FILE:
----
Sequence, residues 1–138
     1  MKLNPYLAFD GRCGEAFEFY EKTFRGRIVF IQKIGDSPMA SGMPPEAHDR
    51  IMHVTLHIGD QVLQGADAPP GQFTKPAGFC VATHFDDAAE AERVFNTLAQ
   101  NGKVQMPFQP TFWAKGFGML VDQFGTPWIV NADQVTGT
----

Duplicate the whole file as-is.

Sequence, residues 1–138
     1  MKLNPYLAFD GRCGEAFEFY EKTFRGRIVF IQKIGDSPMA SGMPPEAHDR
    51  IMHVTLHIGD QVLQGADAPP GQFTKPAGFC VATHFDDAAE AERVFNTLAQ
   101  NGKVQMPFQP TFWAKGFGML VDQFGTPWIV NADQVTGT